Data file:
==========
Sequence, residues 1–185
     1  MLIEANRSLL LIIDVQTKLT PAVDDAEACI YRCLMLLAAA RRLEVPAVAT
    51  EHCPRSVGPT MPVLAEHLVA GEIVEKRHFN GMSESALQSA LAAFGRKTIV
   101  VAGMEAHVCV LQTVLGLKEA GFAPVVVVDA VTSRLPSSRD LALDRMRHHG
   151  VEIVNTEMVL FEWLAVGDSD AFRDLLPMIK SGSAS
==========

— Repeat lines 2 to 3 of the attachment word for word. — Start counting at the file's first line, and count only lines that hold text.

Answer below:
     1  MLIEANRSLL LIIDVQTKLT PAVDDAEACI YRCLMLLAAA RRLEVPAVAT
    51  EHCPRSVGPT MPVLAEHLVA GEIVEKRHFN GMSESALQSA LAAFGRKTIV